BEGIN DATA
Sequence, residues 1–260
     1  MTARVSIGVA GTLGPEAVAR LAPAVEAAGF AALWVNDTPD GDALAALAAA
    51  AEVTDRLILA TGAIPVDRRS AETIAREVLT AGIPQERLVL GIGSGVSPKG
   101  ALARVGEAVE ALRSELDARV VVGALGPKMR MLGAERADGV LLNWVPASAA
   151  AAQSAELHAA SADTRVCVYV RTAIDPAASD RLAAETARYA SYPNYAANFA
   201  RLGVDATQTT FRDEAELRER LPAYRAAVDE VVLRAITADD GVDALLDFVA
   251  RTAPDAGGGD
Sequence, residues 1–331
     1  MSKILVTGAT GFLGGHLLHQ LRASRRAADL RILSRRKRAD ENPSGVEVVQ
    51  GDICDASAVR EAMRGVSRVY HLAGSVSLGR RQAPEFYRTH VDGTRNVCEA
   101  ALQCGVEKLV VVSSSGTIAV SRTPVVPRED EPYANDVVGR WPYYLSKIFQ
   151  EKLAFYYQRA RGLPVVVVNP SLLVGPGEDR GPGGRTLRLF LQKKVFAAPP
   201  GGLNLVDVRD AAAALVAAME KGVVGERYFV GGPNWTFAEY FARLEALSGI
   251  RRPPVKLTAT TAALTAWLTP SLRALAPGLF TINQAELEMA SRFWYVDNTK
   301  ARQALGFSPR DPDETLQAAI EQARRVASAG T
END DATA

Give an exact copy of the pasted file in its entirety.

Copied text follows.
Sequence, residues 1–260
     1  MTARVSIGVA GTLGPEAVAR LAPAVEAAGF AALWVNDTPD GDALAALAAA
    51  AEVTDRLILA TGAIPVDRRS AETIAREVLT AGIPQERLVL GIGSGVSPKG
   101  ALARVGEAVE ALRSELDARV VVGALGPKMR MLGAERADGV LLNWVPASAA
   151  AAQSAELHAA SADTRVCVYV RTAIDPAASD RLAAETARYA SYPNYAANFA
   201  RLGVDATQTT FRDEAELRER LPAYRAAVDE VVLRAITADD GVDALLDFVA
   251  RTAPDAGGGD
Sequence, residues 1–331
     1  MSKILVTGAT GFLGGHLLHQ LRASRRAADL RILSRRKRAD ENPSGVEVVQ
    51  GDICDASAVR EAMRGVSRVY HLAGSVSLGR RQAPEFYRTH VDGTRNVCEA
   101  ALQCGVEKLV VVSSSGTIAV SRTPVVPRED EPYANDVVGR WPYYLSKIFQ
   151  EKLAFYYQRA RGLPVVVVNP SLLVGPGEDR GPGGRTLRLF LQKKVFAAPP
   201  GGLNLVDVRD AAAALVAAME KGVVGERYFV GGPNWTFAEY FARLEALSGI
   251  RRPPVKLTAT TAALTAWLTP SLRALAPGLF TINQAELEMA SRFWYVDNTK
   301  ARQALGFSPR DPDETLQAAI EQARRVASAG T